R e t h i n k   T r a s h – Mission Arugambay

Arugam Bay, located in the dry zone of Sri Lanka’s southeast coast is one of the many enticing locations unique to this tropical island. Famous for the quality of its surf breaks, the bay attracts surfers from all over the world and has hosted several international surfing competitions. The deep blue waters, fine sandy beaches and the fascinating flora and fauna surrounding it lures a vast amount of wanderlusty locals and foreigners promoting itself as a landmark for tourism.

Plagued by the three-decade civil war and the destruction caused by the Tsunami, Arugam bay still blooms as a marvel of mother nature, but unaware to most of us, the bay is fighting a war of its own – GARBAGE POLLUTION!


“R e t h i n k   T r a s h – Mission Arugambay” a two-day project organized by the Rotaract Club of SLIIT along with Elephants Not Plastic, Arugam bay development forum and with the support of Sri Lankan Army with the motive of clearing selected areas of any garbage and spreading awareness, took place from the 31st of August and the 1st of September 2019.

The goal for day one was to clean up the polluted areas of the Panama jungle. Even after a rough night resulting from a nine hour ride from Colombo, the group of young and self-motivated Rotaractors showed no lethargy, but were full of strength and excitement to face the challenges that were yet to come. They were divided into three groups and started their cleanup sessions at three different locations of the Panama jungle.

The first session lasted from 8:30am to 12.00pm where three fully loaded tractors full of garbage were collected. Back at the Panama jungle for a two-hour evening cleanup session, we managed to clear more polluted areas. While at the jungle some of us even got to witness the presence of a wild elephant who meddled with the garbage that was collected. One of the most striking incidents witnessed during this project was to see how the elephant try to feed itself from these piles of garbage which included polythene and plastic waste which is unhealthy and in the worse case could result in death.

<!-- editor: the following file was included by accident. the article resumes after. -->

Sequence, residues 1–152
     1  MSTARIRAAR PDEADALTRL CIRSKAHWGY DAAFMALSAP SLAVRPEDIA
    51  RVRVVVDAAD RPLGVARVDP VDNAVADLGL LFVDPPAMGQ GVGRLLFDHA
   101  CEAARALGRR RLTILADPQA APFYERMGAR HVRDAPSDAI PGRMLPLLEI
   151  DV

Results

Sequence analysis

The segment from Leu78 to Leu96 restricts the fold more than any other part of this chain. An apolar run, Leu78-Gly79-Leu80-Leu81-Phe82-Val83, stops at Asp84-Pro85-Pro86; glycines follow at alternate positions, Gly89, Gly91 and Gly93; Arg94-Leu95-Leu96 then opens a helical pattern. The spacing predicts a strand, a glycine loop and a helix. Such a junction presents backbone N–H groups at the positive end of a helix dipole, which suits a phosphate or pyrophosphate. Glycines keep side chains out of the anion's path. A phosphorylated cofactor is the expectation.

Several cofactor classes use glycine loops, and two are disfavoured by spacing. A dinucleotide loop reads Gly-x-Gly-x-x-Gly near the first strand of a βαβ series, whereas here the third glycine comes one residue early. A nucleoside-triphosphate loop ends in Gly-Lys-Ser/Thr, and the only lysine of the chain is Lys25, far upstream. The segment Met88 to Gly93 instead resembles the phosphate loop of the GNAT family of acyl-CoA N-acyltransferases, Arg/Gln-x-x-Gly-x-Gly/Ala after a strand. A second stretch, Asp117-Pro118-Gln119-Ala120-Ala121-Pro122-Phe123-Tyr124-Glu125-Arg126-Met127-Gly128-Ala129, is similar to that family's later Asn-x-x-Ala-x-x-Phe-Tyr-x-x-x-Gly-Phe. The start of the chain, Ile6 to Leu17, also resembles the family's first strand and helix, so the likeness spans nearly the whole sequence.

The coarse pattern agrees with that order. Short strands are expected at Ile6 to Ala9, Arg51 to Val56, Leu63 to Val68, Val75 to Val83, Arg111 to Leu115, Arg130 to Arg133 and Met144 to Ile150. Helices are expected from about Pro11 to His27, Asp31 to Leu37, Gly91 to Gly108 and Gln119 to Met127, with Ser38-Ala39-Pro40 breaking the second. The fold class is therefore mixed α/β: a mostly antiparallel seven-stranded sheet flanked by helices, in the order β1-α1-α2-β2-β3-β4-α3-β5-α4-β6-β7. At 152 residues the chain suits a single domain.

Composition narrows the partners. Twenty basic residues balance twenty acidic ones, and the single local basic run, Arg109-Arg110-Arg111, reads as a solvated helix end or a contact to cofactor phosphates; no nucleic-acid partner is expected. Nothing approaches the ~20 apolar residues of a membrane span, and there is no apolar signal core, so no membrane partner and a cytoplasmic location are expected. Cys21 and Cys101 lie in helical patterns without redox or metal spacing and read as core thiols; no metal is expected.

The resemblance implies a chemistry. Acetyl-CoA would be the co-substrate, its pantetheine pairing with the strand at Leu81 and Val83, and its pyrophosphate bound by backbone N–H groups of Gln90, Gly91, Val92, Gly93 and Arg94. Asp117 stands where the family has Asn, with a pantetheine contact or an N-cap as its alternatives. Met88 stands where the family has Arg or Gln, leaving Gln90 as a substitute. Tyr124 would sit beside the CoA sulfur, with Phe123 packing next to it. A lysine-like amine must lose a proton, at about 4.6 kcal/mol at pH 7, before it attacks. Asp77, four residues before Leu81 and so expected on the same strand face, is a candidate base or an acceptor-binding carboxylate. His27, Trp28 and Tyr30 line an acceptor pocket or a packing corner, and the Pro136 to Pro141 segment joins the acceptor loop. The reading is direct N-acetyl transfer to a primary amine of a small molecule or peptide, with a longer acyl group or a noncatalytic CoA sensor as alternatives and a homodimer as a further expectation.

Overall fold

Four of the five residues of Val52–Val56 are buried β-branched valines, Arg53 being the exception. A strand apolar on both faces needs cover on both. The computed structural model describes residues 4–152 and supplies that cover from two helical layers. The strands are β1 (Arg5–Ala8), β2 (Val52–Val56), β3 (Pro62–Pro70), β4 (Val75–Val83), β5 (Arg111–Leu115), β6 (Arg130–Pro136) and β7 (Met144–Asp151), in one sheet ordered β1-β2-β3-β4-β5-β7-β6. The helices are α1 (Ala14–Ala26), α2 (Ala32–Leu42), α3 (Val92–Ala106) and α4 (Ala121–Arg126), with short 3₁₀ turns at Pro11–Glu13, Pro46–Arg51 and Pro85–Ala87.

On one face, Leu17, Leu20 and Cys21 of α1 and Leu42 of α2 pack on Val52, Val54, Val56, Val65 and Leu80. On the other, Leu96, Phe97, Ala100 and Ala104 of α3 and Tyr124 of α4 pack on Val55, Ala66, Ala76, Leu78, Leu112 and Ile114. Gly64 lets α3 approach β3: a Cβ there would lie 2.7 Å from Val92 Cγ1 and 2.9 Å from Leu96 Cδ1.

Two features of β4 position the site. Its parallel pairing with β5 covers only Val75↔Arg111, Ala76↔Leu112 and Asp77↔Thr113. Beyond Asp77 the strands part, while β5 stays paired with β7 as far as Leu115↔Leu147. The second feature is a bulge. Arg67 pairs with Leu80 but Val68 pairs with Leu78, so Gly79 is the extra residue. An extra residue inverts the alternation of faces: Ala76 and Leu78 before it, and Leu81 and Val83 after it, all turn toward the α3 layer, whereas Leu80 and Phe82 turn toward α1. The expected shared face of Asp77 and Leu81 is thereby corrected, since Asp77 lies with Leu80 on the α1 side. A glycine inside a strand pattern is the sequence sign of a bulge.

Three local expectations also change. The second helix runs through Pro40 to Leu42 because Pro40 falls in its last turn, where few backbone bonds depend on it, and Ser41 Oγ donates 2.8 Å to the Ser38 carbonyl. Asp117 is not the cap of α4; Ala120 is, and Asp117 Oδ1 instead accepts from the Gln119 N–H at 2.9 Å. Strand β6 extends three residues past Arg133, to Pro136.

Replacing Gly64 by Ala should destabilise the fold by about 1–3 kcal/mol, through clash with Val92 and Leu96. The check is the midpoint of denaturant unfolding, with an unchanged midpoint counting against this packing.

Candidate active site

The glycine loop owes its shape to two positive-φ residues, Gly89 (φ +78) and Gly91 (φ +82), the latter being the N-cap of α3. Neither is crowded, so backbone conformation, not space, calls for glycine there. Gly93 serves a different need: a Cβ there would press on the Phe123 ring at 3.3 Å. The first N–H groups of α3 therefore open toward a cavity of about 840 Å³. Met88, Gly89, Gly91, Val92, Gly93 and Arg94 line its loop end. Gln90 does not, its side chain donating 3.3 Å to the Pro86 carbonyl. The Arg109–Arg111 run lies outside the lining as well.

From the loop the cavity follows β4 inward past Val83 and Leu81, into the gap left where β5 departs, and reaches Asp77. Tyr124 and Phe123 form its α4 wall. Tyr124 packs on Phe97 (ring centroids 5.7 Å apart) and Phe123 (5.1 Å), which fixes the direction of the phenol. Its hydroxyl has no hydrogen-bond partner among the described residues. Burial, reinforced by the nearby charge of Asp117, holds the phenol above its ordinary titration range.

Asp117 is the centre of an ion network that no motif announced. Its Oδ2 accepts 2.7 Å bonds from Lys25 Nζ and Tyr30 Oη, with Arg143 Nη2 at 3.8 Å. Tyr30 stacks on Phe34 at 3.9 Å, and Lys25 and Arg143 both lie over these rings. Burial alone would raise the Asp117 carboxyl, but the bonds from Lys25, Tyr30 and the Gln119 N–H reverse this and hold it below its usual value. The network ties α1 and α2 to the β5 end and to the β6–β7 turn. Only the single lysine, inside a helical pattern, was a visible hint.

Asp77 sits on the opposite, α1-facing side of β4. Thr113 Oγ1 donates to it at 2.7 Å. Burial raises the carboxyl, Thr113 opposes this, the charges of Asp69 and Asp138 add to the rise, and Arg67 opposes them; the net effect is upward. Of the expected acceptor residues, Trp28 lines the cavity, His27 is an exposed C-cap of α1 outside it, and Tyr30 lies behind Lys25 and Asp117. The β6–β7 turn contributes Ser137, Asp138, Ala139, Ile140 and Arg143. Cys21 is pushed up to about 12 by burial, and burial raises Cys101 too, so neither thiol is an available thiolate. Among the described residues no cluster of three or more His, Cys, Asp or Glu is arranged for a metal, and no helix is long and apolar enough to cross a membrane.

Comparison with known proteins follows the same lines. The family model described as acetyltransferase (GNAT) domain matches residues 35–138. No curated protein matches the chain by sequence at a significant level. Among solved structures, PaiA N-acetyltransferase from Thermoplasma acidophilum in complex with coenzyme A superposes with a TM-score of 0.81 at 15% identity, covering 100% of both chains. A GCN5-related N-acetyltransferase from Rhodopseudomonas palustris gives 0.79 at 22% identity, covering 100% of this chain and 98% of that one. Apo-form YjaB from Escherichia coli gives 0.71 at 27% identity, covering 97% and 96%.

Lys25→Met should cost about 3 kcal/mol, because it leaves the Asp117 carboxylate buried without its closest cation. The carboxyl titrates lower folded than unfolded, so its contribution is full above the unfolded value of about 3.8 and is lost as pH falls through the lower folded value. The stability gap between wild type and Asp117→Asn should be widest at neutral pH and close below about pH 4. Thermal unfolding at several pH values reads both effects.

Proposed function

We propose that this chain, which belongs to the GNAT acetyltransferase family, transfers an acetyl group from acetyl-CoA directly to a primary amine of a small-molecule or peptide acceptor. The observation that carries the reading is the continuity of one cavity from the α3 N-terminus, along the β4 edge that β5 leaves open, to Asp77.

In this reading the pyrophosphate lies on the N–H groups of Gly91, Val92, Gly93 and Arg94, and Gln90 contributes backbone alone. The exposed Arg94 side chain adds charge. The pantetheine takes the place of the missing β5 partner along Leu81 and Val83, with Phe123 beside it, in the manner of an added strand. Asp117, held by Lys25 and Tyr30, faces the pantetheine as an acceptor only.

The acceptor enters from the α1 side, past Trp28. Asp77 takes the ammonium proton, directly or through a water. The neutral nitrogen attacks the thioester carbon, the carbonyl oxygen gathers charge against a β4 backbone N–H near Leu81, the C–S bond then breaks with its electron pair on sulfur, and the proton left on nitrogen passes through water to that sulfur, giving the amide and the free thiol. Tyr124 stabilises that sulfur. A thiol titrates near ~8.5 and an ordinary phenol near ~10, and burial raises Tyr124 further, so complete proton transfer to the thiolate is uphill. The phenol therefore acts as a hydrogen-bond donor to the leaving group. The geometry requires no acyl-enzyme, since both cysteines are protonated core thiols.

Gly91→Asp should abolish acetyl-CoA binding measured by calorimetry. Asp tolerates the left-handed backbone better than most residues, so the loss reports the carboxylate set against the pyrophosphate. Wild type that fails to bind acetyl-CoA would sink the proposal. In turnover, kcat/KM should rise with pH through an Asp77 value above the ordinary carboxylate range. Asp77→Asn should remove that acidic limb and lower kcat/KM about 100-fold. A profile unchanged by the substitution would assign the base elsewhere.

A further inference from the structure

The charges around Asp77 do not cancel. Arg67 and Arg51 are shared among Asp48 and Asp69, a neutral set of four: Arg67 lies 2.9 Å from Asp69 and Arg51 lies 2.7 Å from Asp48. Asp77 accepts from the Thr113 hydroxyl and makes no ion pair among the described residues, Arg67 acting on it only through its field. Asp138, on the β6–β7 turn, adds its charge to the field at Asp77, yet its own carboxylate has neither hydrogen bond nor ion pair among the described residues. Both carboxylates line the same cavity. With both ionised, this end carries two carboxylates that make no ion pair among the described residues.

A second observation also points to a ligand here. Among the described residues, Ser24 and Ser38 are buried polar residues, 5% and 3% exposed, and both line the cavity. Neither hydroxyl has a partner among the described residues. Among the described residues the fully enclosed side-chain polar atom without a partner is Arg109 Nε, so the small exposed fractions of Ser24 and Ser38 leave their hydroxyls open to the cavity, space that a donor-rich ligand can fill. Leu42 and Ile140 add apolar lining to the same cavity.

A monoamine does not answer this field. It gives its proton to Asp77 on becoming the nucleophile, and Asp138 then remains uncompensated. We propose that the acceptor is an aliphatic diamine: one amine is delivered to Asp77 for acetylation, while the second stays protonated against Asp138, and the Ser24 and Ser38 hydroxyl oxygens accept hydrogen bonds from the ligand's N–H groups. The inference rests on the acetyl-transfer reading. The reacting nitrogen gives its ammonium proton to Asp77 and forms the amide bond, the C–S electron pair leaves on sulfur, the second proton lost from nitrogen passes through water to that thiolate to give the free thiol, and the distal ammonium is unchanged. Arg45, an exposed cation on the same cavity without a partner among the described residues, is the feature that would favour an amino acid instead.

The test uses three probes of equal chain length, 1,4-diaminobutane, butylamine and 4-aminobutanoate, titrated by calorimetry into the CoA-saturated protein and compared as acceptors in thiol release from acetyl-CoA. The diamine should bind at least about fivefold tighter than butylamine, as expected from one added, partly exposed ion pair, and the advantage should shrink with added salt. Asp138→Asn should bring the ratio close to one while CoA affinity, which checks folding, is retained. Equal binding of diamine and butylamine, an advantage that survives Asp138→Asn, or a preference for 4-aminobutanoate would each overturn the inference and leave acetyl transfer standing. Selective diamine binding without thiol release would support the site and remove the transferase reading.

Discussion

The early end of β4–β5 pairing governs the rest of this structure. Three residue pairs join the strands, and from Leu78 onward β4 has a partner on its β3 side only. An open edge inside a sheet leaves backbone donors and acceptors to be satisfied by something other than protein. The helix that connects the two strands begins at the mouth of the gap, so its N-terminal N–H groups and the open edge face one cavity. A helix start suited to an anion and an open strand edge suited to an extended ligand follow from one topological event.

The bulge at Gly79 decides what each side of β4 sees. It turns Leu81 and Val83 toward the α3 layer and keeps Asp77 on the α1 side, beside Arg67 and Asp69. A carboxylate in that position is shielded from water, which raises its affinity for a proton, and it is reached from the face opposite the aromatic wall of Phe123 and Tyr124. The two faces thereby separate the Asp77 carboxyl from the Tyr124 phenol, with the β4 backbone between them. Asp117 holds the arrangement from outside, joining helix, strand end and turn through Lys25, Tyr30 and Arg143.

The above fact was justified when we came across elephant faeces that contained shreds of plastic in them. This is a terrible situation in Sri Lanka where the wildlife is disturbed and directly affected by garbage pollution.

This is our country and the animals who live here are our responsibility. It is our duty and responsibility to protect their habitats and ensure that they have the highest chances of survival. The rest of the evening was spent at the beach which brought us back from our exhausted selves into a set of physically active individuals who enjoyed the evening taking part in various group activities along with a great swim.

The goal for day 2 was to extend our cleanup process to the beach during which it was quite upsetting to see how certain parts of the beach were simply marked as dumping sites for nearby hotels and other businesses. At the end of the beach cleanup session we again managed to assemble another huge pile of garbage in just a short period of time with the efforts of everyone in the group. Once again we still had time allocated for some physical activities at the beach which brought nothing but joy and happiness to us and enabled us to initiate new friendships. Furthermore, the bumpy tractor rides in both the panama jungle and in the beach was a totally different experience for those who were part of them.

Once the session for day 2 was completed, the next big step was to handover the collected garbage all of which roughly weighed around 155 kilograms of glass and 750 plastic bottles, for recycling purposes out of all 1000+kg of garbage we collected.

Another valuable experience for all of us was a visit to the recycling center – Wasteless Arugam Bay, where we initially handed over the garbage which we had already categorized and were later detailed on how different categories of garbage were processed and the various outcomes and uses of recycling the different types of waste.

Untitled design (1)

Looking back at what we had accomplished in such a short stay, made us bloom with pride and happiness, but on the other hand we were also ashamed and dejected by how nature has been mishandled by our very own people. As responsible citizens of this country it is our duty to protect whatever nature has gifted us and its high time we dedicate ourselves towards protecting mother nature by adapting to proper garbage disposal methods and encouraging recycling and the usage of recycled products to bring back nature its true dignity and thus paving the path for a better future for all of us; For a better tomorrow!

unnamed (2)

Written by-

Rtr. Priyan Jerome & Rtr. Lathushanan Koneswara

Members 2019/20

Leave a Reply

Fill in your details below or click an icon to log in:

WordPress.com Logo

You are commenting using your WordPress.com account. Log Out /  Change )

Twitter picture

You are commenting using your Twitter account. Log Out /  Change )

Facebook photo

You are commenting using your Facebook account. Log Out /  Change )

Connecting to %s